Additive Log-Ratio (alr) transformation
Undertakes an additive log-ratio transformation to remove the effects of closure in a data matrix.
a n by p matrix to be additively log ratioed. It is essential that a single unit of measurement is used. Thus it may be required to convert, for example, determinations in percent to ppm (mg/kg) so that all measurements are in ppm prior to executing this function. Natural logarithms are used.
the index number of the element in the range [1:p] to be used as the divisor,
if it is required to close a data set prior to transformation set
Most analytical chemical data for major, minor and trace elements are of a closed form, i.e. for a physical individual sample they sum to a constant, whether it be percent, ppm (mg/kg), or some other units. It does not matter that only some components contributing to the constant sum are present in the matrix, the data are closed. As a result, as some elements increase in concentration others must decrease, this leads to correlation measures and graphical presentations that do not reflect the true underlying relationships. An additive log-ratio is one procedure for removing closure effects, others are centred log-ratios (
clr) and isometric log-ratios (
Care should be taken in selecting the variable, index =
j, for use as the divisor. Variables lacking sufficient significant figures in their quantification, or variables measured at close to their measurement detection limits, should be avoided.
It is worth noting that when the
alr transform is undertaken with a geochemically conservative element selected as the divisor and two elements are then displayed in an x-y plot the result is a Pearce Element Ratio plot (Pearce, 1968) with log scaling.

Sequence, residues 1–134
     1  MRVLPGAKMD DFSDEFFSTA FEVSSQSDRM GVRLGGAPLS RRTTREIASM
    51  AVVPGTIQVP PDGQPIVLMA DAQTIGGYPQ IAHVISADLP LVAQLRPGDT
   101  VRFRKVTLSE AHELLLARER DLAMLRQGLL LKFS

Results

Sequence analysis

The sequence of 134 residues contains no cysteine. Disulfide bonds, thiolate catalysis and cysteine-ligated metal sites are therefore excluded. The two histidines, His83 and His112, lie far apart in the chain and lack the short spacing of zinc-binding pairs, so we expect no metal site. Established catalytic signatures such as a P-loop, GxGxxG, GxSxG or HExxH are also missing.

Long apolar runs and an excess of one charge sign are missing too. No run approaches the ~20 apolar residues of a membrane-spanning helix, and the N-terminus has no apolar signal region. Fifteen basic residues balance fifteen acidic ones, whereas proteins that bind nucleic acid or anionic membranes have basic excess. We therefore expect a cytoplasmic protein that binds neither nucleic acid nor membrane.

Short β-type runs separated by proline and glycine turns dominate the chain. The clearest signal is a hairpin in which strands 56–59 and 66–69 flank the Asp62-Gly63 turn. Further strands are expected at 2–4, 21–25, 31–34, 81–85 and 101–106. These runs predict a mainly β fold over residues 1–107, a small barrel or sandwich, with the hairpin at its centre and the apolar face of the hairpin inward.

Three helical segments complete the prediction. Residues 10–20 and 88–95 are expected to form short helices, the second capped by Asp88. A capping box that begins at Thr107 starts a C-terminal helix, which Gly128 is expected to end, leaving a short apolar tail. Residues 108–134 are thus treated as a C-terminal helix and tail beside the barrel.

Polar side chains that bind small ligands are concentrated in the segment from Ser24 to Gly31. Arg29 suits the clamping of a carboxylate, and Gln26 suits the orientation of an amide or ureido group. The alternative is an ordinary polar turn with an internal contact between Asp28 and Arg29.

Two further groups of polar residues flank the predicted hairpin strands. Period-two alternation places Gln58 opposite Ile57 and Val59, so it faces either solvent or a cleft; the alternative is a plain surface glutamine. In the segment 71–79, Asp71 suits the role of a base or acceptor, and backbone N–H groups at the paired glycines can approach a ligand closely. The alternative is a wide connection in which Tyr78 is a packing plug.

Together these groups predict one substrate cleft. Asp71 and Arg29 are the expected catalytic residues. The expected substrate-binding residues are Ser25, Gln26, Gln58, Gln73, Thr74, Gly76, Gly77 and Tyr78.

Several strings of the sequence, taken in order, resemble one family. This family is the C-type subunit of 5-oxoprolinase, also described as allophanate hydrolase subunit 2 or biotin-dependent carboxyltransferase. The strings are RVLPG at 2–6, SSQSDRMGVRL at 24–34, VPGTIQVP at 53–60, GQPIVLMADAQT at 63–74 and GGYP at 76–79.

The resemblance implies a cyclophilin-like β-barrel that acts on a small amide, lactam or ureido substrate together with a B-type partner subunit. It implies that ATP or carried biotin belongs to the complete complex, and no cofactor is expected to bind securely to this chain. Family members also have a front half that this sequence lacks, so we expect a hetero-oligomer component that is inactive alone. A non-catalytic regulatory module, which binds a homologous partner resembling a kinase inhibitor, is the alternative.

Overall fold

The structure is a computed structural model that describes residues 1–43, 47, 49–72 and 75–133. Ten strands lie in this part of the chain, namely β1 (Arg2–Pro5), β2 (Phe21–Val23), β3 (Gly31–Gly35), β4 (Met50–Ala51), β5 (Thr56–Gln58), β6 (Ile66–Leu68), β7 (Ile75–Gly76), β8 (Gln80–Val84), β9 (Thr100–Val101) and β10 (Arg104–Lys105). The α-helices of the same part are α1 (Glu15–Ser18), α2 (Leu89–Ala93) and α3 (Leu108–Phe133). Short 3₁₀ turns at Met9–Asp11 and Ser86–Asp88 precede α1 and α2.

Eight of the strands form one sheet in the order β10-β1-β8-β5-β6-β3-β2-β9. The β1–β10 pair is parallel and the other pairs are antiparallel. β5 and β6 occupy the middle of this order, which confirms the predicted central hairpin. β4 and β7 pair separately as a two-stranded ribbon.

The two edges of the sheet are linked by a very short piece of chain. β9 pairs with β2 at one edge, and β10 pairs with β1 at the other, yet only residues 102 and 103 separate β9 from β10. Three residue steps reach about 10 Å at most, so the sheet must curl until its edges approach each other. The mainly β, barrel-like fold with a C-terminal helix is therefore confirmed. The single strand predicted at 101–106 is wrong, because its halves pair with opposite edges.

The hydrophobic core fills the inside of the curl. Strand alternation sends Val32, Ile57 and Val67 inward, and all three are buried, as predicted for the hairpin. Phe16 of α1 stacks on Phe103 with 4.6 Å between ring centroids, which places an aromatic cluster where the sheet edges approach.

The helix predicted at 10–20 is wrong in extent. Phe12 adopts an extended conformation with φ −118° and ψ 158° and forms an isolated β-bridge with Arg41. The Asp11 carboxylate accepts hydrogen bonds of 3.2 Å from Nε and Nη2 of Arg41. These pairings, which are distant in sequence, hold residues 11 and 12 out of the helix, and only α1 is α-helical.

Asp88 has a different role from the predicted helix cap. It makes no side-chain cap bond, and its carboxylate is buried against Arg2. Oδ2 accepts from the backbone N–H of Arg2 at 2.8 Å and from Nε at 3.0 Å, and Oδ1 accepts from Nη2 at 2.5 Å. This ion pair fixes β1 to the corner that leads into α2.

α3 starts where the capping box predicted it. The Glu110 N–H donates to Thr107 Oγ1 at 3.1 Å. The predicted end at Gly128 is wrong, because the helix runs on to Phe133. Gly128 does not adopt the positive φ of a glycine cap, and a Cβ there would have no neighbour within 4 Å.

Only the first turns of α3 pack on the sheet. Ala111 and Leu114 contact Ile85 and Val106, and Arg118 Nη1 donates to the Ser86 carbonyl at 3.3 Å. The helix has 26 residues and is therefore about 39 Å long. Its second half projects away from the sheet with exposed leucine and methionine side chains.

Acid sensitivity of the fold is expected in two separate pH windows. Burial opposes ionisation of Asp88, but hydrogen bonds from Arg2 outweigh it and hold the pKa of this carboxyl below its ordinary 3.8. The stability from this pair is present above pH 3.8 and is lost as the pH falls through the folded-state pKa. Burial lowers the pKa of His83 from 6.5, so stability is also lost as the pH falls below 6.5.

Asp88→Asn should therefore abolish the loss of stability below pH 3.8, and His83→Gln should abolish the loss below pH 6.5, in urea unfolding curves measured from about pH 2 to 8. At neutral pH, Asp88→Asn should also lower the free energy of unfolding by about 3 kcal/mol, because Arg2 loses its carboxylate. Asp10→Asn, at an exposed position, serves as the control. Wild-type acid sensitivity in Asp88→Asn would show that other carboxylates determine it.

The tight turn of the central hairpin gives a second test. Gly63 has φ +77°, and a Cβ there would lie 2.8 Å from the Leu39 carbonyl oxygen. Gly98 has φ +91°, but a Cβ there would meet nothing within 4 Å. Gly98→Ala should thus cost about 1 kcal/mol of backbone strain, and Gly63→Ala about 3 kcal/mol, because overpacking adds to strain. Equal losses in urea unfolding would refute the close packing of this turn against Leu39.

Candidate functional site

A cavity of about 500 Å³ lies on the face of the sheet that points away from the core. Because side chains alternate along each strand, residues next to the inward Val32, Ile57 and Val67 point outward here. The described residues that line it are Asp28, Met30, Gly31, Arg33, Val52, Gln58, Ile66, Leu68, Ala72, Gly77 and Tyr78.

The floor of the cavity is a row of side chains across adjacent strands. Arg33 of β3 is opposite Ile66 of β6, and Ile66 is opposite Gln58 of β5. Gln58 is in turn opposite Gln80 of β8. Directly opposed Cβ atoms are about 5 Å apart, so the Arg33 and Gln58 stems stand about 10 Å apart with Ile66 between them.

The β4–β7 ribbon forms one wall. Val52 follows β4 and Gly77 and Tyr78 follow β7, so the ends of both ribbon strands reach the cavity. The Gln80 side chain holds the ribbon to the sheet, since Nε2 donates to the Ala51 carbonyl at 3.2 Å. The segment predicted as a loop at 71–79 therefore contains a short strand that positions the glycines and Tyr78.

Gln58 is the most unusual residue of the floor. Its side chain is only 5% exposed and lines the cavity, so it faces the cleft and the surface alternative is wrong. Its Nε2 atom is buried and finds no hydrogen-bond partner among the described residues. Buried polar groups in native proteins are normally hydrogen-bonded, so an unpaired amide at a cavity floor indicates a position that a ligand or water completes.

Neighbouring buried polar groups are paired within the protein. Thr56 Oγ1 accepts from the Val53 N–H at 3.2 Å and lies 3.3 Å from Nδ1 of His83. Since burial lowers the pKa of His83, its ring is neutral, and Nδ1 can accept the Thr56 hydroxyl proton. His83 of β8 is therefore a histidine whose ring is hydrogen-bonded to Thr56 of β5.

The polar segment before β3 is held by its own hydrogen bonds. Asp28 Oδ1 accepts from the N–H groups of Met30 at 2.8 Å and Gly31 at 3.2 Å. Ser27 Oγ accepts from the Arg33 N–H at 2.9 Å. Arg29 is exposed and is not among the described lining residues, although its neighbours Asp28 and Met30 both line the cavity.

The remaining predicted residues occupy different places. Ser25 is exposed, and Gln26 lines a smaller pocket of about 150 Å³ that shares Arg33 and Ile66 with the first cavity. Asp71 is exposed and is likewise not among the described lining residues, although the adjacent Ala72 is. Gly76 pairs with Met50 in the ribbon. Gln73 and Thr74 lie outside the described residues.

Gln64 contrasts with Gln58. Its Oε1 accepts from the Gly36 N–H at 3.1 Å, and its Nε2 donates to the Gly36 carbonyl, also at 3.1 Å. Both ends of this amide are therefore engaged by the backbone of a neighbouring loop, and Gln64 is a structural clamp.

Any less than detection limit values represented by negative values, or zeros or other numeric codes representing blanks in the data, must be removed prior to executing this function, see
Any rows containing
NAs in the data matrix are removed prior to undertaking the transformation.
Robert G. Garrett
Aitchison, J., 1984. The statistical analysis of geochemical compositions. Mathematical Geology, 16(6):531-564.
Aitchison, J., 1986. The Statistical Analysis of Compositional data. Chapman and Hall, London, U.K., 416 p.
Aitchison, J. and Egozcue, J.J., 2005. Compositional data analysis; where are we and where should we be heading. Mathematical Geology, 37(7):829-850.
Buccianti, A., Mateu-Figueras, G, and Pawlowsky-Glahn, V. (eds.), 2006. Compositional data analysis in the geosciences: from theory to practice. The Geological Society Publishing House, Bath, U.K. Special Publication 264, 224 p.
Pearce, T.H., 1968. A contribution to the theory of variation diagrams. Contributions to Mineralogy and Petrolgy, 19(2):142-157.
Reimann, C., Filzmoser, P., Garrett, R. and Dutter, R., 2008. Statistical Data Analysis Explained: Applied Environmental Statistics with R. Wiley, 362 p.
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